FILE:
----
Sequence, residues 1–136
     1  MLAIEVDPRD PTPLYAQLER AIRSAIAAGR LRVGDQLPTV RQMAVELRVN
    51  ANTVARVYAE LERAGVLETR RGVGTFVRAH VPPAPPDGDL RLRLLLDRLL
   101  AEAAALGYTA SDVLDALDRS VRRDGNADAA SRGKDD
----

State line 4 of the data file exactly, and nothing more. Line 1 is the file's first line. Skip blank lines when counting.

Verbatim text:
   101  AEAAALGYTA SDVLDALDRS VRRDGNADAA SRGKDD